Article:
There’s nationwide momentum in high-impact tutoring. Here’s how we keep it going

District Administration

Transformative change in education often begins with a powerful story. Increasingly, high-impact tutoring is that story, where students find both significant academic success and personal confidence in their abilities. Rhyne Richards—a 6th-grade student in Washington, DC.—met several times each week with a tutor, Ms. Burns, to overcome math challenges. Rhyne’s journey speaks volumes. “I get distracted a lot [in class],” Rhyne admitted. “But when I’m with Ms. Burns, I learn a lot; a lot more than I knew last year.” It’s a testament to the remarkable impact of intensive, one-on-one tutoring. “I’m proud of myself,” Rhyne continued. “Before, I didn’t really know math like I do now. But now I can do it myself. I want to be the smartest person in the world.” Rhyne’s regained confidence in math and optimism for the future epitomize the profound evidence for and influence of intensive, relationship-based, individualized instruction—it is a narrative we must tirelessly work to replicate and scale.

We are in a crucial moment in education to make stories like Rhyne’s commonplace. The COVID-19 pandemic laid bare vulnerabilities within our education system, revealing disparities in access to quality learning opportunities. Yet, as crises often do, it also offered a unique chance to address these failings. One silver lining was the substantial investment in our schools aimed at mitigating pandemic disruptions, such as ESSER. Now, with that investment about to disappear with ESSER’s expiration in 2024, we have only a moment to leverage these resources and reallocate continuing funds to make the solution of high-impact tutoring a lasting one.

Tutoring is not a novel concept, but historically, its accessibility is skewed toward high-income students whose families can afford to pay for these services. Many districts and states have used ESSER funds to offer high-impact tutoring in schools so that it can reach all students. ESSER’s looming expiration prompts a crucial question: Should we revert to outdated, inequitable practices with uniform class sizes and rote learning, or should we embrace engaging and accelerated learning that can kindle the spark in every student?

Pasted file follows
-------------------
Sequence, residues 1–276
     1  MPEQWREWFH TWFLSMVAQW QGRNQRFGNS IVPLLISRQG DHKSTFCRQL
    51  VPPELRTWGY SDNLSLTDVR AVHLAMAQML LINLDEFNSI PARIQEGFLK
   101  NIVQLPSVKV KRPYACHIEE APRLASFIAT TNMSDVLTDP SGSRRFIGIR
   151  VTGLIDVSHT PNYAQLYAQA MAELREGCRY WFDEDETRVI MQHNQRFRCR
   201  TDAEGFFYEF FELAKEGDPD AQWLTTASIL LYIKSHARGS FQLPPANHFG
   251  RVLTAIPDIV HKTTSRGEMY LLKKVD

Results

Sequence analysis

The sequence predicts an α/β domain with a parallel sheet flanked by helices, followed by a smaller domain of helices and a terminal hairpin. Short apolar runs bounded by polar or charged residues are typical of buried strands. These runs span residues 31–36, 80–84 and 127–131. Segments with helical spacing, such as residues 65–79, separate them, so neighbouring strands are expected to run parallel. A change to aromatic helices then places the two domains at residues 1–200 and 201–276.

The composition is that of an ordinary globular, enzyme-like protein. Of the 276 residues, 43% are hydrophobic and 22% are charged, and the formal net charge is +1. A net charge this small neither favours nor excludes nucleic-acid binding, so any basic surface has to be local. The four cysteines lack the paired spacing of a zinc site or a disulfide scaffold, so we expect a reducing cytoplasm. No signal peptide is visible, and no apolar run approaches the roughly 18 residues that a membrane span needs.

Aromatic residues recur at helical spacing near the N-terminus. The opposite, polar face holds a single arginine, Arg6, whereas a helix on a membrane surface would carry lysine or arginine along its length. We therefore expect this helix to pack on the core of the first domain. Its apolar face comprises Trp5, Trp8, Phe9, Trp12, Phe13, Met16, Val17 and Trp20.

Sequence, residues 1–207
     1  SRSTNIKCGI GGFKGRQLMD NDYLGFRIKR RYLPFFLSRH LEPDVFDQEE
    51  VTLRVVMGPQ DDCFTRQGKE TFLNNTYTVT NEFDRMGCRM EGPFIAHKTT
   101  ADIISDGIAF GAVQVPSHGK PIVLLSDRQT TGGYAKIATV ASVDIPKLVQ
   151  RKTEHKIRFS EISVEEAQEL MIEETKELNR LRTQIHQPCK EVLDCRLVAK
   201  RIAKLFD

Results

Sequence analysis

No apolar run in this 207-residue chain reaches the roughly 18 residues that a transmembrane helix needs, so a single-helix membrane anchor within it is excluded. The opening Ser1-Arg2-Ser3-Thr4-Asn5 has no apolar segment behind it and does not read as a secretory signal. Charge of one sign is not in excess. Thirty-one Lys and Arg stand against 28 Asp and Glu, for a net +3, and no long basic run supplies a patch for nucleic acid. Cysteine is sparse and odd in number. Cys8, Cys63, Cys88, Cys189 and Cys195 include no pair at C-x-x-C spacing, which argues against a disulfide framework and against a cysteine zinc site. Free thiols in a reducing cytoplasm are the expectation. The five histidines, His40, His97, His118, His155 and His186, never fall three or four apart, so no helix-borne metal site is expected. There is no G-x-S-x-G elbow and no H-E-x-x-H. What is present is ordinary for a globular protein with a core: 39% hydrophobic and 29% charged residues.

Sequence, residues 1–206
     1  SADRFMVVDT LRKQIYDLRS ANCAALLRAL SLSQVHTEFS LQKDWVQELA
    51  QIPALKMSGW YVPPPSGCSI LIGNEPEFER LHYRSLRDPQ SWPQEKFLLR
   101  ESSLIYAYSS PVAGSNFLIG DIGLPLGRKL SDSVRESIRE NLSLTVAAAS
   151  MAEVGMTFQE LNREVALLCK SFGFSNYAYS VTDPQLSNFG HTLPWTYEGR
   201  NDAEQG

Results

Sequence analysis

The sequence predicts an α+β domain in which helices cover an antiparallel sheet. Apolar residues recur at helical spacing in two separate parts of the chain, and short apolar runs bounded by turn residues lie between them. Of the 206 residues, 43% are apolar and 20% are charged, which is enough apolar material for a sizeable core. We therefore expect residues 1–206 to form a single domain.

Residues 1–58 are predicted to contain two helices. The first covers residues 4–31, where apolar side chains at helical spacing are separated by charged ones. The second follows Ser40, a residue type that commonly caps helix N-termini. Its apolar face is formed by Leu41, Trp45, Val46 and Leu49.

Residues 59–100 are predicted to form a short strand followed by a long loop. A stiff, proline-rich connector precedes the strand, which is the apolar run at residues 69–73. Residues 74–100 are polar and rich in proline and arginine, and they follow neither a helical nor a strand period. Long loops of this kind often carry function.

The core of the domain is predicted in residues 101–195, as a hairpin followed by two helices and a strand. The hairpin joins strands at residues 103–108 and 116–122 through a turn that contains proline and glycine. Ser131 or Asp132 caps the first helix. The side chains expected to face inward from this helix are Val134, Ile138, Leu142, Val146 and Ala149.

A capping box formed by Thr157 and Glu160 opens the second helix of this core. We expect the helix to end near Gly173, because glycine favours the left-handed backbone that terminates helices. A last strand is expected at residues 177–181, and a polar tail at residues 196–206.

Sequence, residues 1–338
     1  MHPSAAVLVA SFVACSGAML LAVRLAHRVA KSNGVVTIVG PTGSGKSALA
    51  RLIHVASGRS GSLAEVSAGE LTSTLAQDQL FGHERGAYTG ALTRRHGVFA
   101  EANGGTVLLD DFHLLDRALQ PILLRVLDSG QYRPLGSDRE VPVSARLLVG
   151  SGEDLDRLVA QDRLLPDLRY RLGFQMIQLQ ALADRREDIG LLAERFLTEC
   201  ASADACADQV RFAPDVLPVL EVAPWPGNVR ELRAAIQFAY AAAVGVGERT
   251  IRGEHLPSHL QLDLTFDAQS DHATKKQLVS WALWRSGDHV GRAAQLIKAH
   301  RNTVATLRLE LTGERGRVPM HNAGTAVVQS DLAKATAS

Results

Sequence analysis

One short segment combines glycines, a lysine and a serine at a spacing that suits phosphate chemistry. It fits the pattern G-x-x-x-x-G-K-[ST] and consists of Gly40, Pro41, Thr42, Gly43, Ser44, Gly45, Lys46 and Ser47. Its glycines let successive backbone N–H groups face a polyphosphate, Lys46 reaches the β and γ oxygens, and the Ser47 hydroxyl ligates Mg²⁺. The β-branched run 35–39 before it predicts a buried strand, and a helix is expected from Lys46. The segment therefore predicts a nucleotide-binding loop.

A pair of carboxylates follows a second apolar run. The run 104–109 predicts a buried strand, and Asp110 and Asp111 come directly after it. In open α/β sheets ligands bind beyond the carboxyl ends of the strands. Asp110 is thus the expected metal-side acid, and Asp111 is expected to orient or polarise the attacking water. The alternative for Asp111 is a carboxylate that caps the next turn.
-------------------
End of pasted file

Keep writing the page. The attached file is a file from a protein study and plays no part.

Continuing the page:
The answer is unequivocal. We must not return to what was. High-impact tutoring, with its potential to ignite academic growth, should be an integral component of our educational landscape. However, sustaining and expanding these efforts requires our education leaders’ adept utilization of available resources. Some states and districts—such as Tennessee, Maryland, and others—are stepping up and have begun to tackle this inequitable disparity with high-impact tutoring investments of their own. More should.

To that end, districts can repurpose funds from less effective programs in order to sustain beneficial high-impact tutoring opportunities and states can invest some of their education funds directly into high-impact tutoring programs. Here are three other accessible, cost-effective ways to ensure the longevity of high-impact tutoring in your district’s schools:

  1. Partner with a local College or University that can use Federal Work Study Dollars: Tutoring positions can serve as a lifeline for college students seeking part-time employment. Federal Work Study programs can facilitate this by enabling local college students to gain valuable, paid experience while assisting their younger peers. These young tutors provide academic support and serve as relatable role models, while potentially inspiring them to consider a future as educators.
  2. Integrate High-Impact Tutoring into MTSS: Embedding high-impact tutoring into existing educational frameworks holds immense promise. Multi-tiered System of Supports (MTSS) and Response to Intervention (RTI) are established systems used by many states and districts to target appropriate supports for each student. Integrating high-impact tutoring within these frameworks has the potential to improve student outcomes of existing MTSS/RTI systems as well as streamline operations.
  3. Train Paraprofessionals: Paraprofessionals already working in schools possess the passion and knowledge to make a significant difference in their students’ lives. By providing them with necessary training and resources — funded, for instance, by Title II, Part A dollars — schools can unleash their potential to offer high-impact tutoring to those in need. This approach taps into a wellspring of talent within our school buildings and fosters a sense of community and collaboration.

These options ensure that high-impact tutoring becomes a central pillar of our educational system and significantly enhance academic outcomes for students in need. By investing in tutoring, we pave the way for equity in education, irrespective of students’ socio-economic backgrounds.

We need action. District leaders must harness the resources at their disposal to increase the number of students benefiting from evidence-backed support. This moment is a call to embrace change, prioritize the well-being and academic success of future generations, and seize the opportunity presented by the pandemic’s exposure of flaws in our education system. High-impact tutoring is not a luxury—it’s a necessity. It’s a tool with the power to reshape the trajectory of countless lives.…